Now he looked directly at Ghislaine [a Miami girl with a French name, so I'm guessing she's Haitian]. He smiled ... to cover up the fact that he was trying ... objectively ... to assess her face. Her skin was whiter than most white people's. As soon as Ghislaine was old enough to understand words at all, Louisette had started telling her about sunny days. Direct sun wasn't good for your skin. The worst thing of all was to take a sunbath. Even walking in the sun was too much of a risk. She should wear big-brimmed straw hats. Better still, an umbrella. Little girls couldn't very well go around with parasols, however. But if they had to walk in the sun, they should at least have straw hats. She must always remember that she had very beautiful but very fair skin that would burn easily, and she should do anything to avoid sunburns. But Ghislaine figured it out very quickly. It had nothing to do with sunburns ... it had to do with sunbrowning. In the sun, skin like hers, her beautiful whiter-than-white skin, would darken just like that! In no time she could turn Neg ... just like that.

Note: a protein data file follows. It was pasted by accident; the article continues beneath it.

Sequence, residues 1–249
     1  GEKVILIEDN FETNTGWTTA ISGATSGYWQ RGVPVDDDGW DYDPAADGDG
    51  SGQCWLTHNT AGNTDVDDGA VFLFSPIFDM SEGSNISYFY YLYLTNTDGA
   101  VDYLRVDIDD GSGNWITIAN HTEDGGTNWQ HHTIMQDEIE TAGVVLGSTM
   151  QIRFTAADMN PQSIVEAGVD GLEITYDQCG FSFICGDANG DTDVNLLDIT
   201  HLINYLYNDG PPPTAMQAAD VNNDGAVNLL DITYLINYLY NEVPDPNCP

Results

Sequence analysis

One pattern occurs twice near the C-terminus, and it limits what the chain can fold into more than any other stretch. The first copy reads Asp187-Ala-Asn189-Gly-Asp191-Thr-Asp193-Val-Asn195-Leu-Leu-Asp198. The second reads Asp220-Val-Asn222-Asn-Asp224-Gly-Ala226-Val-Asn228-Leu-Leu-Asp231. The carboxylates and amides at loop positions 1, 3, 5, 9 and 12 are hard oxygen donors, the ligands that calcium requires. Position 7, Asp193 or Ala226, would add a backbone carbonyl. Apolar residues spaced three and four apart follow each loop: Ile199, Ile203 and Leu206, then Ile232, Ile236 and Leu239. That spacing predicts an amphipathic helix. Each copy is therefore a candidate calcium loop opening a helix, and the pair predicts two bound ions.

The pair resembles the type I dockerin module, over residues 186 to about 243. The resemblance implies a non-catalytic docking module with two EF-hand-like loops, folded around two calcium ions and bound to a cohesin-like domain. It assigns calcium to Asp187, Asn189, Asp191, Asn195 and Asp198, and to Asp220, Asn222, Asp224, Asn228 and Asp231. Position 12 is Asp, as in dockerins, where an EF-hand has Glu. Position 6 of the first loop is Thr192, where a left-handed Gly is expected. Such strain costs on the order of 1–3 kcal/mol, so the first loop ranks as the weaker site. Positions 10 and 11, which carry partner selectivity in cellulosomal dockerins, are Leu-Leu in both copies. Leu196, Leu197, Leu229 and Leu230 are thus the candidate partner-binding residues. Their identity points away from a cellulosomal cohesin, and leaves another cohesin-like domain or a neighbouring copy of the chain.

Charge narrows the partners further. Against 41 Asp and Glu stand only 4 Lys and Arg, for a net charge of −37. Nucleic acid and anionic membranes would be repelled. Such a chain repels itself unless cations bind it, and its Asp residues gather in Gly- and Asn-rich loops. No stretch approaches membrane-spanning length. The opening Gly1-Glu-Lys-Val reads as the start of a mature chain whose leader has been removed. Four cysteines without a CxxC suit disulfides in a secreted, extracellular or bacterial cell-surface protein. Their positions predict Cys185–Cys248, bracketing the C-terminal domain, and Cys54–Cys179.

And that's just the beginning of a racial inventory of her hair, lips, and nose.
Critic James Wood is extremely peeved in The New Yorker at Wolfe's book. Novelists aren't supposed to notice how people look! What kind of characters think about how other characters look? Vulgar characters, that's who! Wood wants you to know that he much prefers Thomas Mann's The Magic Mountain, in which the characters sit around at a luxury health clinic thinking Deep Thoughts for 1,000 pages.
Here's my review of Wolfe's I Am Charlotte Simmons.